It’s an interesting thought that the natural, intuitive, pairing of James Bond and pop music would have been his countrymen — and fellow British invaders — the Beatles1. But it was their American counterpart who actually made the first move, abortive as it was. At any rate, here is an imagining of the title sequence for You Only Live Twice, marrying Maurice Binder’s visuals with Brian Wilson’s music:

(Courtesy LuiECuomo’s channel on YouTube.)

1 Who knows? Maybe they were still smarting over the “earmuffs” crack in Goldfinger. Maybe John Lennon would’ve had political issues with the amorality of the screen 007. Maybe Paul was setting things up for Live and Let Die. Maybe Ringo was setting things up for Barbara Bach…

1966: The Man From U.N.C.L.E. meets The Beatles

This month marks the 45th anniversary of The Beatles’ final U.S. tour, which included a meeting the group sought with Robert Vaughn, the star of The Man From U.N.C.L.E.

According to a 2004 blog post by Derek Lamar, the meeting took place on Aug. 24, 1966, at the Capitol Records building. The blog entry includes a photograph. Here’s an excerpt:

All sorts of people started showing up: both to gawk as well as to be let into the basement door in the back of the building. Robert Vaughn showed up and everyone yelled their support for The Man From U.N.C.L.E. television show.

Vaughn, then 33, wasn’t there as a Beatles groupie. Instead, the Fab Four were fans of the show, which was in production for its third season. They wanted to see the actor who played Napoleon Solo. Lee Pfeiffer, publisher of Cinema Retro magazine, briefly describes how it came about around the 3:50 mark of this video related to the 2007 release of U.N.C.L.E. DVDs:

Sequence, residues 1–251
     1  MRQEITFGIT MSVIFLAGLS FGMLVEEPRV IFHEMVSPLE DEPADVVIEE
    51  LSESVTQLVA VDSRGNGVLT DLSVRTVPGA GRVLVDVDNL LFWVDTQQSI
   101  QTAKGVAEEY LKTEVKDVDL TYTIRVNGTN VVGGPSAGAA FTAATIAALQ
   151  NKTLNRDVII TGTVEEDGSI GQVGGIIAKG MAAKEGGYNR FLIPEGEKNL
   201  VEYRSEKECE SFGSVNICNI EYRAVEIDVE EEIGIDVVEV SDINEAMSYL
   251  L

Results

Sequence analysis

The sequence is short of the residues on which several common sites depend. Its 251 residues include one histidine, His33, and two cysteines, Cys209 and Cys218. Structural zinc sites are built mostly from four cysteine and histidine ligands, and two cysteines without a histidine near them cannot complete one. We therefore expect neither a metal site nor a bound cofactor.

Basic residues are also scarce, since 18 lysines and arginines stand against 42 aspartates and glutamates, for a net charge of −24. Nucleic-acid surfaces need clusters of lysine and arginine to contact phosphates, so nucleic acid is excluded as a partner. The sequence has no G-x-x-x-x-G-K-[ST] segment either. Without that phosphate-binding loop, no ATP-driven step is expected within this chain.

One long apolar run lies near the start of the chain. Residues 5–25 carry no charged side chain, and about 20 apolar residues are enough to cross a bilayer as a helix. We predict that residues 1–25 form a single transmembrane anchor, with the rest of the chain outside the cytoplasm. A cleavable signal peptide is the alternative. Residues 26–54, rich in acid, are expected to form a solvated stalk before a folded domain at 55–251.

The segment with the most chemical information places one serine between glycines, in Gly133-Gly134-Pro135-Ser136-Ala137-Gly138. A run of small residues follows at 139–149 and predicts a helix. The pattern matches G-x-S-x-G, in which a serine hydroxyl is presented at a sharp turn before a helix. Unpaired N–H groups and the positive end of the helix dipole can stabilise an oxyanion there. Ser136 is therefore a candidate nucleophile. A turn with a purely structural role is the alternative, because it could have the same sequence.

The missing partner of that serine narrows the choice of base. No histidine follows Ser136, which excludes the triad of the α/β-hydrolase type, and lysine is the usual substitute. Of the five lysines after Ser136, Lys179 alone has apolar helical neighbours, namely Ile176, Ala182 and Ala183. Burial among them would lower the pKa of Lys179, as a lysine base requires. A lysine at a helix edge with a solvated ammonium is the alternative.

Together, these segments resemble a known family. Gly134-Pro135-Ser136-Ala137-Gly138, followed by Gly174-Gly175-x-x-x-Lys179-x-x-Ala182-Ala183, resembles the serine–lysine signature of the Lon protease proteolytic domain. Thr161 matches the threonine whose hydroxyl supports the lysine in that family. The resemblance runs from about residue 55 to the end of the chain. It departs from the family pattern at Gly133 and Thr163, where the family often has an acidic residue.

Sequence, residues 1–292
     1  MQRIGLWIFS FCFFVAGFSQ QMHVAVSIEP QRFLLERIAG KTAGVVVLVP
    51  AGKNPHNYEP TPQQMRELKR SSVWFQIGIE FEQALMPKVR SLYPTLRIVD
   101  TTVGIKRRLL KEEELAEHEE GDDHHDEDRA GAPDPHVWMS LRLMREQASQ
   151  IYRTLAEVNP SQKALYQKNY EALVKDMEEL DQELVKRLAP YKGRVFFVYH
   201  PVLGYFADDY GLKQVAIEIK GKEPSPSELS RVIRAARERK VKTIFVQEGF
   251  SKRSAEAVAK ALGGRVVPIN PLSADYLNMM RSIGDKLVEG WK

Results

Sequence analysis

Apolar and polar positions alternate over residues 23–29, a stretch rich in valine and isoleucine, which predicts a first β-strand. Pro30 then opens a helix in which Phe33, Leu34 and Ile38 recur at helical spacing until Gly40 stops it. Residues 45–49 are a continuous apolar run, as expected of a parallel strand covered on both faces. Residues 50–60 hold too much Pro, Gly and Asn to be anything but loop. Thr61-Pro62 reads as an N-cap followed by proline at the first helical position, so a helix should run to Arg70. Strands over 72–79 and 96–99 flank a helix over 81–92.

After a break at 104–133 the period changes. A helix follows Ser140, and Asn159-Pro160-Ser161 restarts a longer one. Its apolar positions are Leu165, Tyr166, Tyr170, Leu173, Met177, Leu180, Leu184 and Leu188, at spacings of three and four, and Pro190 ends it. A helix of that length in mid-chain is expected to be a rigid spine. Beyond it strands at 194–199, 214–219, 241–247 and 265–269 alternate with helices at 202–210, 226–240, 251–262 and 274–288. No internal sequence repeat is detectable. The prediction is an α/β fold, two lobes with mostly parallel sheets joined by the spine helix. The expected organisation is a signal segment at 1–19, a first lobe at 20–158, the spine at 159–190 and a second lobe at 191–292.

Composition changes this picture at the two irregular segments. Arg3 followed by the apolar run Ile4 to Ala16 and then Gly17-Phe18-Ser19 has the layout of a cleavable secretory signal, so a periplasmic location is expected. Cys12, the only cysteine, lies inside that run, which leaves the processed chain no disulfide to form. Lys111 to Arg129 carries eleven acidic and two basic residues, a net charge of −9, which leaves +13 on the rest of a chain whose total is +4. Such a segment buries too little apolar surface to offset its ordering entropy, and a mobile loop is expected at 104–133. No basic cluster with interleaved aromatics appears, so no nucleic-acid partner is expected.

Pfeiffer also wrote about Vaughn describing the meeting in a post on Cinema Retro’s Web site. Here’s an excerpt:

(Vaughn) also recalled an ill-advised meet-up with The Beatles that turned to potential disaster when word leaked out. The crowds were so crazed, Vaughn and the Fab Four had to be rescued in an armored car.

To see another photo of the meeting, CLICK HERE.

This was just part of the ending of an era. The Beatles became strictly a studio band after this, according to Wikipedia’s entry on the group. U.N.C.L.E.’s popularity, meanwhile, had reached its peak and less than 18 months later, it would be canceled in January 1968.

The meeting, though, is significant for fans of 1960s spy entertainment. James Bond in 1964’s Goldfinger referred to drinking warm champagne as being as bad as “listening to the Beatles without earmuffs.” Ian Fleming’s other spy, Napoleon Solo (at least the actor who played him) got to hang with the band. As people might say today in the 21st Century, “Way to go, Dawg!”

(Thanks to our friend Marc for a research assist.)